Breakneck Pace: Baseball’s Home Run Phenoms

Aaron Judge is the fastest player to hit 60 home runs. It took him just 197 games to do so. (via Keith Allison)

Last season began with a bang in New York, as Yankees right fielder and reigning Rookie of the Year Aaron Judge pounded his 60th career home run on April 16. That round-tripper continued a hot streak that dated back to 2017, when Judge broke the record for most homers by a rookie with 52, three more than Mark McGwire’s 49-home run rookie season in 1987. Some of Judge’s 2018 home runs also broke records, including this one: Playing in just his 197th career game, Judge became the fastest player to reach the 60-home run mark.

It was a feat he would repeat with career home runs Nos. 61, 62, 63, and 64, before finally cooling off enough to fall back from the record-breaking pace. In all of baseball history, no player had more home runs than Judge in his first 197 games, a distinction touted by the Yankees and the baseball media. And it is worth touting! But it also raised a question not easily answered: Which players were the fastest to get to the other home run milestones?

In this article, we will answer that question, with the fastest players to each mark included in a list that can be accessed here. We also attempt to explain why these men—some of them Hall of Famers, others relatively unknown—were so quick to develop their power-hitting skills when they were promoted to the major leagues.

At the top of the list, there isn’t much correlation between early home runs and future greatness. At least 242 players have homered in their first major league game. There have been 120—including Judge—who did so in their first major league at-bat. And there have even been 30 players who hit the first big league pitch they saw out of the ballpark.

Willson Contreras was the most recent player to hit a first-pitch, first-at-bat home run, in 2016. Walter Mueller was the earliest, at least as far as existing records can show, in 1920. More impressive is the list of five players—Bob Nieman, Bert Campaneris, Mark Quinn, J.P. Arencibia, and Trevor Story—who hit two home runs in their first game. Of the five, only Story (who just completed his third season in the majors) has the chance to establish a noteworthy career as a slugger; the other four averaged just 82 career home runs.

One thing that stands out in the early part of the list is the timing. Nearly all of the players who hit home runs three through 27 the earliest in their careers did so at some point in the 2010s. Perhaps it is an indication of how much the recent strategy in baseball has revolved around the home run, even moreso than it did in the so-called steroid era or in baseball’s other home run-happy period of the late 1920s and early 1930s.

In the race to home run No. 20, three players have managed to reach that milestone in just 51 games. Two are active today: Cody Bellinger (2017) and Gary Sanchez (2016). The third is Wally Berger, who hit his 20th career round-tripper way back in 1930 as a member of the Boston Braves, the lone player in this section of the list to accomplish the feat in the twentieth century.

Berger provides some of our first clues to deciphering the type of hitter who climbs the home run charts so quickly. He was big for his era, at 6-foot-2 inches and nearly 200 pounds. But more importantly, Berger also toiled for several years in the minors before making his major league debut at the age of 24.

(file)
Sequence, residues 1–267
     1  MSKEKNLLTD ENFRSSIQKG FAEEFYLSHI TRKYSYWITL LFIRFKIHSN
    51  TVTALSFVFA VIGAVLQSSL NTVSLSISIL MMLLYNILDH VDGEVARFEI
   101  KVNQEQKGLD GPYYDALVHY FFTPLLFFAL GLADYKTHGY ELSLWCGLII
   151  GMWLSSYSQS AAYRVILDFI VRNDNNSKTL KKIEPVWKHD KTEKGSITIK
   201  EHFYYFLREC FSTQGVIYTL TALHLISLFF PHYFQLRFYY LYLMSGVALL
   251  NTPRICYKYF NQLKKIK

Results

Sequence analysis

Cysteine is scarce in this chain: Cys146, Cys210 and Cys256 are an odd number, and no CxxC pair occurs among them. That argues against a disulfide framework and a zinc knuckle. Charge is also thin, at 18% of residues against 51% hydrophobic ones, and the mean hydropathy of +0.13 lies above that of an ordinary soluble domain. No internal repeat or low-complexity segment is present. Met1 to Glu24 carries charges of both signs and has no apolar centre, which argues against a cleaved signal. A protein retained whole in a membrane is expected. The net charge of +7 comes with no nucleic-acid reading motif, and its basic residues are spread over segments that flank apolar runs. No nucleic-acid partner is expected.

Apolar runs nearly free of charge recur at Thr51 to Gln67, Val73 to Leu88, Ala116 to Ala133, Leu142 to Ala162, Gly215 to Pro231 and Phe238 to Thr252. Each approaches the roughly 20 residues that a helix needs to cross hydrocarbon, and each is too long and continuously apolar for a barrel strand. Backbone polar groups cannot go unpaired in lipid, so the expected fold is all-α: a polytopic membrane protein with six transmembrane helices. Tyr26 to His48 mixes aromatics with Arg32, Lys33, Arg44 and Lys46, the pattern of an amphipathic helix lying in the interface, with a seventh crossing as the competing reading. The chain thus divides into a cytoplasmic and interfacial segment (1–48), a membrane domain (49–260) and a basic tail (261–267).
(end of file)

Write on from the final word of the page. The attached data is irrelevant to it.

That was partly the result of how the game worked in those days. While hot prospects on the East Coast like Jimmie Foxx might debut at the age of 17, young ball players from the West Coast might stay in the Pacific Coast League or elsewhere for years, making salaries that were every bit as good as the majors and staying closer to home. Berger was born in Chicago but raised in San Francisco, where the PCL’s Seals were the best game in town. After unsuccessful tryouts with the Seals, Berger had several good years with the minor-league Los Angeles Angels before the Boston Braves bought his contract.

An additional factor was the fortunes of the Braves. If the Athletics or the Cardinals had signed him, Berger might have ridden the bench and pinch-hit for a year or more. But the Braves were mediocre at best in the 1930s, and Berger started in the outfield in 151 out of 154 games, giving him plenty of chances at the plate. He was a mature power hitter given an opportunity to shine, and he did so, finishing his rookie year hitting .310/.375/.614 with 38 home runs.

Another barely remembered power hitter farther up the list has a similar story to Berger’s. Rudy York was a big-slugging, poor-fielding, Georgia mill worker when he was discovered by scouts from the Knoxville Smokies. He played a few games with minor league and semi-pro teams in the South but had trouble catching on. His raw power was enough to catch the eye of the Detroit Tigers, however, and they signed the 20-year-old thumper. After a cup of coffee with Detroit in 1934, York was sent down to the Beaumont Exporters of the Texas League.

York still holds the record for being the fastest to reach home runs No. 43 through 57, among others, and it was his records Judge broke in becoming the fastest to 58 through 64. By 1937, York had solidified his hitting game and improved at first base enough that Detroit called him up. His main barrier to getting at-bats was the presence of another power-hitting Tigers first basemen: future Hall of Famer Hank Greenberg. Greenberg had been injured for much of the 1936 season but was still in his prime: The 1937 campaign would be an 8.3 WAR year for Greenberg, one in which he drove in 184 runs—still a franchise record.